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Page added on February 16, 2017

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Is The Bakken a Bust?

Is The Bakken a Bust? thumbnail

North Dakota has released December production data for the Bakken and for all North Dakota. They were a little shocking.

Bakken & North Dakota

Bakken production down 86,150 barrels per day 895,330 bpd. North Dakota production down 92,029 bpd to 942,455 bpd. It was noted that this the largest decline ever in North Dakota production. But it should not be overlooked that the October in crease in production was also the largest ever increase in North Dakota production.

From the Director’s Cut

 Oil Production

November    31,034,520 barrels = 1,034,484 barrels/day
December    29,216,093 barrels =   942,455 barrels/day (preliminary)
(all-time high was Dec 2014 at 1,227,483 barrels/day

 Gas Production

November    52,785,707 MCF = 1,759,524 MCF/day
December    47,679,872 MCF = 1,538,060 MCF/day (preliminary)
(all-time high was Nov 2016 at 1,759,524 MCF/day)

Producing Wells

November    13,520
December    13,337 (preliminary)
(all-time high was Nov 2016 at 13,520)
11,449 wells or 86% are now unconventional Bakken – Three forks wells
1,888 wells or 14% produce from legacy conventional pools

 Permitting

November    76 drilling and 2 seismic
December    35 drilling and 0 seismic
January     81 drilling and 1 seismic (all time high was 370 in 10/2012)

ND Sweet Crude Price

November    $34.58/barrel
December    $39.93/barrel
January     $40.75/barrel
Today       $42.50/barrel (all-time high was $136.29 7/3/2008)

Rig Count

November    37
December    40
January     38
Today’s rig count is 38 (all-time high was 218 on 5/29/2012)

Comments:

The drilling rig count increased three from November to December, then decreased two from December to January, and is currently unchanged from January to today.  Operators are shifting from running the minimum number of rigs to incremental increases throughout 2017, as long as oil prices remain between $50/barrel and $60/barrel WTI.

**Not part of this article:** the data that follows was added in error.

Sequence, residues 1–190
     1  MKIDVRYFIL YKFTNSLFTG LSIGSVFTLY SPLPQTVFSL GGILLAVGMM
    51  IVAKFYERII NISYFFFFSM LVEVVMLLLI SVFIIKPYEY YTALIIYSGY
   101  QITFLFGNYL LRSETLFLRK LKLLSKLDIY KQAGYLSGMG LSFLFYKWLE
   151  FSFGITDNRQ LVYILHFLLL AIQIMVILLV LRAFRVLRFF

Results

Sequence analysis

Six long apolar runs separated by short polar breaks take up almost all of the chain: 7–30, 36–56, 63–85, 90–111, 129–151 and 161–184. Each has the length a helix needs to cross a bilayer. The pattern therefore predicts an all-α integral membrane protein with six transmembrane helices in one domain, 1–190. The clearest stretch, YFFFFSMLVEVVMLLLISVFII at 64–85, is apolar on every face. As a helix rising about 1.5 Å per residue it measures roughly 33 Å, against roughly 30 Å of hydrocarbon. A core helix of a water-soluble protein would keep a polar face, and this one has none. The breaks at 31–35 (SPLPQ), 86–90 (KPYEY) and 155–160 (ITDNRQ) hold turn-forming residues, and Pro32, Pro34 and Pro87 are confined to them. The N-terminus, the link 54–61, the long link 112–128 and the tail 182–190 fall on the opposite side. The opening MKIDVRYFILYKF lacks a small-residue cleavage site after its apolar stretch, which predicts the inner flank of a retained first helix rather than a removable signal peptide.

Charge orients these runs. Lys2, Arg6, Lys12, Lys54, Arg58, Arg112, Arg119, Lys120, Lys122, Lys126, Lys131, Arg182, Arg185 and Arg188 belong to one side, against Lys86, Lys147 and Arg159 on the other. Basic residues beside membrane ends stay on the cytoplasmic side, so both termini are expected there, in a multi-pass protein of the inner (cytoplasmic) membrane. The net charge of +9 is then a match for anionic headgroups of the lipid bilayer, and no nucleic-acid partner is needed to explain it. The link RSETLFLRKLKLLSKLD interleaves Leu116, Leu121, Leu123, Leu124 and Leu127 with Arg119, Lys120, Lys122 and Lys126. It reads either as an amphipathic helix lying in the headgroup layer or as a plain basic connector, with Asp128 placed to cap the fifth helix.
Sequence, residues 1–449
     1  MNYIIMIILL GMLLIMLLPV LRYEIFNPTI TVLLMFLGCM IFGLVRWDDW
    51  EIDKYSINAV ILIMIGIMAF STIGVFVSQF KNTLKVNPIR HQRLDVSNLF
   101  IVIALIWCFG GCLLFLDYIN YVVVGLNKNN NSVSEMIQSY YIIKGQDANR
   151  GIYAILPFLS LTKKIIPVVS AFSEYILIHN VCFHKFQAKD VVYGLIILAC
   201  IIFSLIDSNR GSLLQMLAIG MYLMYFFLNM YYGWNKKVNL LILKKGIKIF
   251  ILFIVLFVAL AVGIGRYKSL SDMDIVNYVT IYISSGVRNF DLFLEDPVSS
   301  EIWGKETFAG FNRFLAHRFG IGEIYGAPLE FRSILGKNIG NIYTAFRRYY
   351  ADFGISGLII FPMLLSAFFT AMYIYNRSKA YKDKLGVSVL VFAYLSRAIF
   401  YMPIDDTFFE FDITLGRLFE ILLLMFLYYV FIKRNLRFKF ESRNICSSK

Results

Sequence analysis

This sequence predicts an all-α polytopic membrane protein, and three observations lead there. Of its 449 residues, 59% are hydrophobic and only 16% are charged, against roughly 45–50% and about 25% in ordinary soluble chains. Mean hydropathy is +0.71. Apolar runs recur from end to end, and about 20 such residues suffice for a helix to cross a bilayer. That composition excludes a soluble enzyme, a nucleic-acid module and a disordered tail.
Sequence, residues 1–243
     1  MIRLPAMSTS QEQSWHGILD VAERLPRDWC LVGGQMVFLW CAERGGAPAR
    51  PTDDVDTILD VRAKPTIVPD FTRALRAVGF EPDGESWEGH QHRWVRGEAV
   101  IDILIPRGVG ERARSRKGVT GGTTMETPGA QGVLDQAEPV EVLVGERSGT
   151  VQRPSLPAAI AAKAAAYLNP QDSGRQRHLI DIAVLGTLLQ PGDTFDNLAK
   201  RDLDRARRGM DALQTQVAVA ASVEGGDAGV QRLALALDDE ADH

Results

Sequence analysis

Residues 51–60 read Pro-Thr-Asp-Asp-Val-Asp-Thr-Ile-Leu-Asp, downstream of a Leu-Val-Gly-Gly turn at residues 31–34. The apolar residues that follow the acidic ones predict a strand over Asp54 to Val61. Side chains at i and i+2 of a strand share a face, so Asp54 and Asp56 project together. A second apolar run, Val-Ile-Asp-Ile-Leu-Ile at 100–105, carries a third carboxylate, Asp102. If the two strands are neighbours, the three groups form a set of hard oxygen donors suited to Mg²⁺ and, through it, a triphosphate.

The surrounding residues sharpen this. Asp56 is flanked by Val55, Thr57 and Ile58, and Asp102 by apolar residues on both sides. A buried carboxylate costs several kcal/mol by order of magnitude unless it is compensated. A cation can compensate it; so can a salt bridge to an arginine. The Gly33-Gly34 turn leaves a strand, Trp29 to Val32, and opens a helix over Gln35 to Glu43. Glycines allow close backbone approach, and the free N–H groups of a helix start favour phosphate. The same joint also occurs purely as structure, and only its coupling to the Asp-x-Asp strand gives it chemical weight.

The number of well completions decreased slightly from 84(final) in November to 81(preliminary) in December.

Oil price weakness is anticipated to last into the second quarter of 2017.

There were three significant precipitation events, fifteen days with wind speeds in excess of 35 mph (too high for completion work), and nine days with temperatures below -10F. January 2017 will be more of the same.

Over 98% of drilling now targets the Bakken and Three Forks formations.Estimated wells waiting on completion2 is 807, down 32 from the end of November to the end of December. Estimated inactive well count3 is 1,573, up 54 from the end of November to the end of December.

Crude oil take away capacity remains dependent on rail deliveries to coastal refineries to remain adequate.

Low oil price associated with lifting of sanctions on Iran, a weak world economy, and capital movement to the Permian basin continued to depress drilling rig count.

Bakken BPD per well

Barrels per day per well continues to drop. In December it stood an 83 in the Bakken and 72 for all North Dakota.

Enno's Bakken

This great chart was produced by Enno Peters. It warrants a closer look. The data is in barrels per day.

Enno's Bakken 2

The two horizontal lines represent the 2015 peak and the 2015 peak production at the end of 2016.. And the difference is almost exactly one half million barrels per day.

But more important is the points I have placed in the ovals. Notice that production from 2016 wells in December changed very little from November 2016 wells. The decline was almost entirely from legacy production. That is from wells drilled prior to 2016.

If you look at Enno’s first chart you will notice that the decline was shared by a decline in production from every year prior to 2016.